Saturday, November 21, 2009

Out with the old...

Some American wheat beers do not measure up at all. The very worst of them seem to use the requisite measure of wheat that might be anticipated in the more traditional wheat beers found around Europe, but then neglect to use a suitable strain of yeast. Often a standard ale strain is used that contributes little to the flavour and leaves a beer with an insipid palate, lacking any of the usual wheat beer flavour. Speakeasy's White Lightning springs to mind in this category and Sierra Nevada's wheat beer was guilty of this to a degree, but it wasn't the worst of them by a long stretch. The brewers a Chico must have become a little self conscious about the poorer quality of their wheat beer when compared to the rest of their generally outstanding work because the SN standard wheat was replaced with a Kellerweis.

This one ticks most of the wheat beer boxes when it comes to aroma and flavour. It looks the part too, holding on to rich foam and pouring a hazy gold. Plenty of banana and cloves along with a pronounced phenolic note suggesting that a very flavoursome yeast was put to work. Initially the phenol was so strong it bordered on the sort of intensity I suffered in home brew that went bad. But this passes after a few sips leaving a more authentic Bavarian style wheat beer, a cut above most other American attempts.

I suppose the question has to be asked if American brewers actually want their wheat beers to taste like Bavarian clones. The lack of spicy character in most suggests that this was a deliberate attempt to make a beer style all of their own. This seems to be the case to me because experienced American brewers know exactly why Bavarian wheat beer tastes as it does; the yeast strain is key to it, yet many American brewers deliberately neglected to use these strains resulting in a beer with a very different, and for my money, far less satisfying flavour. Sierra Nevada saw fit to change the profile of their wheat beer. It is a change for the better, but it makes me wonder what was key to their decision. Sales I imagine, but perhaps the previous incarnation is just an unsustainable style of beer.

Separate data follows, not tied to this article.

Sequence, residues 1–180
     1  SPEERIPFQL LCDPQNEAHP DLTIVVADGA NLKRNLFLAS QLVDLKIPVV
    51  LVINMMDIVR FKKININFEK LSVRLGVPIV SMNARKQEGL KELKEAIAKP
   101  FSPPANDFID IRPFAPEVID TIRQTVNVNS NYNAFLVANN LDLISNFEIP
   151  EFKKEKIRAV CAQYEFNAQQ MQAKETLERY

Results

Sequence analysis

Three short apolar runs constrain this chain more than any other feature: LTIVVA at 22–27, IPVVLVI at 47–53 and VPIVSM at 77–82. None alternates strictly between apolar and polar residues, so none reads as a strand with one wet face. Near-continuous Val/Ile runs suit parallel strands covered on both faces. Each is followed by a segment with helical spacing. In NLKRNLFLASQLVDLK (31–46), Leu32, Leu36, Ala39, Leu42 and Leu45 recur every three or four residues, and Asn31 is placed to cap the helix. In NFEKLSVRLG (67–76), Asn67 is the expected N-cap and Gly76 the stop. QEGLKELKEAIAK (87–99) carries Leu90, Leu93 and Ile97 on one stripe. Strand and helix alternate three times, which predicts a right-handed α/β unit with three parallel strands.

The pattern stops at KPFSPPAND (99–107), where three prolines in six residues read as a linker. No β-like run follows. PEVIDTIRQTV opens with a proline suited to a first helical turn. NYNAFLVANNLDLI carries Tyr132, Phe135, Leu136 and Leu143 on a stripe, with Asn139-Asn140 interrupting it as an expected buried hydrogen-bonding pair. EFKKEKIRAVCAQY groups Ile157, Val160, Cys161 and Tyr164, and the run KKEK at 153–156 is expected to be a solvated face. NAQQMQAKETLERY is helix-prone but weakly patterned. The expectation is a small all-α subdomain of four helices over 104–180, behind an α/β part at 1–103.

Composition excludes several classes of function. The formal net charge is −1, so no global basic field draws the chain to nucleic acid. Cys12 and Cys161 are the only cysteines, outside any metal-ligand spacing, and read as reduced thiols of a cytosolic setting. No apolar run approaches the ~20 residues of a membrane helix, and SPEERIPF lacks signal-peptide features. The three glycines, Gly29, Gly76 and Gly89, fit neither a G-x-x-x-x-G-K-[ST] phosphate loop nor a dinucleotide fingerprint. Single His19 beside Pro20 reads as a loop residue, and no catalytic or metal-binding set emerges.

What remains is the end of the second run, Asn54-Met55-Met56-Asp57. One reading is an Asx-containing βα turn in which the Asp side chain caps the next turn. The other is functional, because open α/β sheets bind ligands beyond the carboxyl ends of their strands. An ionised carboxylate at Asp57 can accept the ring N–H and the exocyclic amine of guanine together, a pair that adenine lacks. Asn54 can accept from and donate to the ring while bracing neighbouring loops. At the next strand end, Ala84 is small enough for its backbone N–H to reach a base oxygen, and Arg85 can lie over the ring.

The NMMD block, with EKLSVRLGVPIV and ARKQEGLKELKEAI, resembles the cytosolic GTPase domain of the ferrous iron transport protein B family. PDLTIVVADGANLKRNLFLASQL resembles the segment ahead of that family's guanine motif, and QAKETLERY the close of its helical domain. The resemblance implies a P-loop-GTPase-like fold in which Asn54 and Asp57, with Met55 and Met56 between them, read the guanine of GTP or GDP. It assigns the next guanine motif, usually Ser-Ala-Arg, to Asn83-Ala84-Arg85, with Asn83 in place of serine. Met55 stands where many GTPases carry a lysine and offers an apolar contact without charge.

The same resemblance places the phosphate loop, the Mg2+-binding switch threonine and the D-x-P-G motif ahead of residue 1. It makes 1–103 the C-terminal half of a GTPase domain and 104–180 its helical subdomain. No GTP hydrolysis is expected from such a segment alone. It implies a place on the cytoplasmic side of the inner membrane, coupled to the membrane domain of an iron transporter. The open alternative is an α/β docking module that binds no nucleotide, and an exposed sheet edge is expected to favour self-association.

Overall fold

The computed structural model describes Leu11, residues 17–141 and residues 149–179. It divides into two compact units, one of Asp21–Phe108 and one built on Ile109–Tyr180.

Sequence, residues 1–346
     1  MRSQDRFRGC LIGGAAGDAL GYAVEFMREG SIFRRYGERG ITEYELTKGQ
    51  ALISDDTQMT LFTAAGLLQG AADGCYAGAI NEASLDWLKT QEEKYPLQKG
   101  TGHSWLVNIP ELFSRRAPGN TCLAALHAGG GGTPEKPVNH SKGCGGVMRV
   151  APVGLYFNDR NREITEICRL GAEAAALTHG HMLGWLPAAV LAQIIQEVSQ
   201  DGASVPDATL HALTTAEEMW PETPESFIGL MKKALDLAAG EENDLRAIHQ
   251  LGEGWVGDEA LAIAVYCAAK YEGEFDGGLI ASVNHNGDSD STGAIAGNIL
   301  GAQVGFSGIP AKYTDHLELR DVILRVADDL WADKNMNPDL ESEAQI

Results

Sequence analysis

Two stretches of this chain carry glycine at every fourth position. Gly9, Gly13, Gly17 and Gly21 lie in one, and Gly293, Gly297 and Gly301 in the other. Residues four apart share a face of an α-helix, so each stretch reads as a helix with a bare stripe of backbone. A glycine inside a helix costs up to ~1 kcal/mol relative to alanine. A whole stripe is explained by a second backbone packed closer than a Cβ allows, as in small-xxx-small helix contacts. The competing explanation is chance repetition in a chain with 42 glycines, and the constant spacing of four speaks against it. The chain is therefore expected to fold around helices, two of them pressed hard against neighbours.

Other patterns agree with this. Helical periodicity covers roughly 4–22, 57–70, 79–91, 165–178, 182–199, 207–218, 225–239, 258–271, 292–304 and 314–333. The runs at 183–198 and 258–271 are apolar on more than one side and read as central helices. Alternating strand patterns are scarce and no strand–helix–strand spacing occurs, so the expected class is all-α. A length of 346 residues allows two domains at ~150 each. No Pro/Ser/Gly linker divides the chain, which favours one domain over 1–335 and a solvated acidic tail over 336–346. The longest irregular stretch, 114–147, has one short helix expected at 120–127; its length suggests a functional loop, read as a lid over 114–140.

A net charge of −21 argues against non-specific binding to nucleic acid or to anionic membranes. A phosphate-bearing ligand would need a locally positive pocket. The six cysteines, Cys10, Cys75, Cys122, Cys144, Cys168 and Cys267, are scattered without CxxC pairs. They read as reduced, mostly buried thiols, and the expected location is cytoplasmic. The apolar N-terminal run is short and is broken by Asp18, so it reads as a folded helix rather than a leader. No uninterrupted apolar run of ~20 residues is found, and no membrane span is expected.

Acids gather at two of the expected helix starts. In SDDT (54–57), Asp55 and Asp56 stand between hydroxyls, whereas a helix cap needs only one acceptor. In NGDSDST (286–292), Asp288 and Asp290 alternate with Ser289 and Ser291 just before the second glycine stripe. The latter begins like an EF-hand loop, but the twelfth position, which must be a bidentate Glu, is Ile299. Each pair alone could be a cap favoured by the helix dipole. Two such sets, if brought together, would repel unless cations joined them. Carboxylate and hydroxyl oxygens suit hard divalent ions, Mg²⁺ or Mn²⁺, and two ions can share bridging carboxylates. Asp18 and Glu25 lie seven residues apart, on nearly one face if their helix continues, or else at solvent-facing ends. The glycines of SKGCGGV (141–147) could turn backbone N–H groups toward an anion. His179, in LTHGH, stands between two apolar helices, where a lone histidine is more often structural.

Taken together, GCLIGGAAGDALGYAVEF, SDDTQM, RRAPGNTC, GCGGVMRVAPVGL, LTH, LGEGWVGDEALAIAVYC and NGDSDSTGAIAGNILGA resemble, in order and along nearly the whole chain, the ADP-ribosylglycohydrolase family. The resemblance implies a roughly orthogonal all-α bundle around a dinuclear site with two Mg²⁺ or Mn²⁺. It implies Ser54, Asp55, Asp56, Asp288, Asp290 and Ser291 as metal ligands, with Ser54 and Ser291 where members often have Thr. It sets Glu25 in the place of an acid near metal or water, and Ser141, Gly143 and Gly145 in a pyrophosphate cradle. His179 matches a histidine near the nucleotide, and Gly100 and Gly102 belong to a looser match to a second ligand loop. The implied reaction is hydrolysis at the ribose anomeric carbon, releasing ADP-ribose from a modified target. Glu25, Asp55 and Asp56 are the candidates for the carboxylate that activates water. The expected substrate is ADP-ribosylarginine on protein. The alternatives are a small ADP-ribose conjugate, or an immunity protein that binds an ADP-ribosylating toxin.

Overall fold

5 comments:

The Beer Nut said...

Now there's a line of reasoning which, if extended in the right way, could see "Irish Red" replaced by the proper hoppy pale ale it devolved from. Whoop-de-do, and mine's a Malty Bitches!

Thom said...

Let's hope so!

Chris said...

Anchor was the brewery that revived wheat beer in the United States back in 1984. Not sure why they chose to use a regular ale yeast but in doing so they probably set the standard.

Back in the day, my Sunday drink was Anchor's Aweigh... Anchor Wheat topped off with Old Foghorn barley wine.

I always thought that SN Wheat had more character, being much hoppier than other American style wheat beers.

But as a huge Hefe fan, I didn't mourn the introduction of Kellerweis.

Oblivious said...

"Anchor was the brewery that revived wheat beer in the United States back in 1984. Not sure why they chose to use a regular ale yeast but in doing so they probably set the standard"

Chris I would put I down to handling another and very different yeast stain, to their standard US-05 or similar neutral ale yeast

Coors did it with blue moon and Killian’s Irish Red.

Séan Billings said...

Wheat beer is all about yeast strain. There isn't a lot else going on in a weiss.

I really don't see the point of wheat beers made with a standard ale yeast. They have little malt charter, little hop character and little yeast character. I like my beer to taste of something.

Another good American brewed wheat beer is Gordon Biersch Hefeweizen. It's a Bavarian Weiss that happens to have been brewed in America.